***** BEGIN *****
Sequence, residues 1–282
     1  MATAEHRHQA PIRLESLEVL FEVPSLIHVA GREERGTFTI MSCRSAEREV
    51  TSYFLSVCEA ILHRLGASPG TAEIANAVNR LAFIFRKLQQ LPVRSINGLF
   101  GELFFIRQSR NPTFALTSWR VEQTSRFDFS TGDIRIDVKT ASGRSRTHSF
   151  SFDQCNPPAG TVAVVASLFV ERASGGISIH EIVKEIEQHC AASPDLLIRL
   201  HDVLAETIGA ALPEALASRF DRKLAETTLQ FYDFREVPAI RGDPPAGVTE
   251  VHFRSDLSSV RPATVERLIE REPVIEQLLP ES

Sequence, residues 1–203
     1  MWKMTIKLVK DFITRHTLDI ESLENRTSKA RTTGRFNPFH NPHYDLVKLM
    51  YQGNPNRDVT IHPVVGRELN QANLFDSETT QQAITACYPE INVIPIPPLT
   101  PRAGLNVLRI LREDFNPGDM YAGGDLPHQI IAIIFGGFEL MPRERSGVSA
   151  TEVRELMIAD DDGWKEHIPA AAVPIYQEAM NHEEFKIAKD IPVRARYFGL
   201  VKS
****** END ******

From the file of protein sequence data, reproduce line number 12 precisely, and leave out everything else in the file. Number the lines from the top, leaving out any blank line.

   151  TEVRELMIAD DDGWKEHIPA AAVPIYQEAM NHEEFKIAKD IPVRARYFGL